ANTHROPOCENE: THE HUMAN EPOCH – Review by Susan Wloszczyna

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Sometimes, Anthropocene: The Human Epoch feels like a loftier, artier and much more sobering Transformers sequel, what with its fixation on the monstrously huge machines that chomp into the planet and unsettle our ailing ecosystem for the sake of commerce. But documentarian Jennifer Baichwal and her globe-trotting fellow directors Nicholas de Pencier and Edward Burtynsky are on a mission to take us to places where horrible harm is likely taking place but also acknowledging odd moments of scenic beauty in how the earth has been manipulated by mankind.

The best thing about this trip around the world is that we are protected from whatever frightful toxins and poisons seem to lurk about in several locales. One can’t help but have mixed feelings about the sights we are exposed to: piles of ivory elephant tusks burning in Nairobi as sort of a ceremony to the majestic animals who died for our sins; drone photography of yellow and green plots found on lithium farms in Chile; to the careful cutting of gorgeous Italian marble; and a nasty metal smelting factory in Norilsk, an area that holds the title of Russia’s most polluted city – notable by the lack of oxygen in the air and the dearth of greenery.

Oscar-winning actress Alicia Vikander acts as an occasional narrator, stating such facts as “Eighty-five percent of forests have been degraded through human use” as if reading from a textbook. Also, a few locals and workers in the areas visited are allowed to fill in some blanks now and then. But this one of those docs that is built on the notions that seeing is believing and actions speak louder than words.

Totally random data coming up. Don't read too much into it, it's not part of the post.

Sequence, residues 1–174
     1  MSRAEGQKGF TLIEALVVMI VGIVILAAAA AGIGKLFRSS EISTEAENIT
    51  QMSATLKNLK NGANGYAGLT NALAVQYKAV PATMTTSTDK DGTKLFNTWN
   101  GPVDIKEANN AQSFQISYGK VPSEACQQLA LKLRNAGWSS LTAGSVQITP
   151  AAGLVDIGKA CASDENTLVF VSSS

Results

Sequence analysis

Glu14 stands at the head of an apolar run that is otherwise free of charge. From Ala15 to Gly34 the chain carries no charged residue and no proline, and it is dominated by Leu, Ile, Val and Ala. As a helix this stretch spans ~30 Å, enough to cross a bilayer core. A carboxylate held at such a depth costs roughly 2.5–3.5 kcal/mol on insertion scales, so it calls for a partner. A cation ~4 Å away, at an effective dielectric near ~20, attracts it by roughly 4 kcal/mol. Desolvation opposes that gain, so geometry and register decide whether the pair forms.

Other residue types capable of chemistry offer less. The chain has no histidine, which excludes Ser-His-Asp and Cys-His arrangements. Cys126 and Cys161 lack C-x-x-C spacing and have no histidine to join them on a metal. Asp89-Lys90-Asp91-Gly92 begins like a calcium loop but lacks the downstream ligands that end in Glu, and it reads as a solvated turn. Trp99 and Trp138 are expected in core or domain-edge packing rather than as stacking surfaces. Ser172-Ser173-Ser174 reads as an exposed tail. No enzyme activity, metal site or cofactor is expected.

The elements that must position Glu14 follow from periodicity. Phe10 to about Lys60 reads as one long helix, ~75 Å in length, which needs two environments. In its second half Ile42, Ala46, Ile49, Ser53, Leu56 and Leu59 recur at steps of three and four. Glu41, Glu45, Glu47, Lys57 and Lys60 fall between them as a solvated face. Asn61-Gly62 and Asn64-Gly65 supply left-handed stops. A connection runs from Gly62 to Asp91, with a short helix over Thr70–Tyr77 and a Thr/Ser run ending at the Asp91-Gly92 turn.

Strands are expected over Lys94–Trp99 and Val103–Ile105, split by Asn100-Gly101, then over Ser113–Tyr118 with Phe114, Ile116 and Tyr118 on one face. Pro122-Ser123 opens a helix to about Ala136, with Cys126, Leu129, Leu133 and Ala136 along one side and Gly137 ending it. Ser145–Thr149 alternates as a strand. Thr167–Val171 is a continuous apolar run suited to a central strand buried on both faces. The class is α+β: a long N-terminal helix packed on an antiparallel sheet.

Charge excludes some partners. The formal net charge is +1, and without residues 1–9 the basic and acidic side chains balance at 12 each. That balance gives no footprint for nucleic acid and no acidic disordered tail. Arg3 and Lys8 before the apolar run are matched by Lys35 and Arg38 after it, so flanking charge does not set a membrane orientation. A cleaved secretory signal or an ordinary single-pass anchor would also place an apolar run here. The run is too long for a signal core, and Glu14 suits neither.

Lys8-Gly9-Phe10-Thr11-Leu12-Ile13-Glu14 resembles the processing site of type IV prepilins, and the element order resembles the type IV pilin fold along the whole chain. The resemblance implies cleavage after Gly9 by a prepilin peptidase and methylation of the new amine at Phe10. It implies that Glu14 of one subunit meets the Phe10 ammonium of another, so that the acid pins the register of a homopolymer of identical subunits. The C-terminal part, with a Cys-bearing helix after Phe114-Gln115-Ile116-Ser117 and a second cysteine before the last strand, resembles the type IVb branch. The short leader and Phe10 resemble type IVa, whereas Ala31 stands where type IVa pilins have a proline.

EDITOR’S NOTE: Anthropocene: The Human Epoch is AWFJ’s Movie of the Week for October 4, 2019

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Susan Wloszczyna

Susan Wloszczyna

In her nearly 30 years at USA Today, Susan Wloszczyna interviewed everyone from Vincent Price and Shirley Temple to Julia Roberts and Will Smith. Her coverage specialties include animation, musicals, comedies and any film starring Hayley Mills, Sandy Dennis or hobbits. Her crowning career achievements so far, besides having Terence Stamp place his bare feet in her lap during an interview for The Limey, is convincing the paper to send her to New Zealand twice for set visits, once for The Return of the King and the other for The Chronicles of Narnia and King Kong, and getting to be a zombie extra and interview George Romero in makeup on the set for Land of the Dead. Though not impressive enough for Pulitzer consideration, she also can be blamed for coining the moniker "Frat Pack," often used to describe the comedy clique that includes Ben Stiller, Vince Vaughn and Will Ferrell. Her positions have included Life section copy desk chief for four years and a film reviewer for 12 years. She is currently a senior editor for the online awards site Gold Derby. Previously, she has been a freelance film reporter and critic, contributing regularly to RogerEbert.com, MPAA’s The Credits, the Washington Post, AARP The Magazine online and Indiewire as well as being a book reviewer for The Buffalo News. She previously worked as a feature editor at the Niagara Gazette in Niagara Falls, N.Y. A Buffalo native, she earned her bachelor's degree in English at Canisius College and a master's degree in journalism from Syracuse University.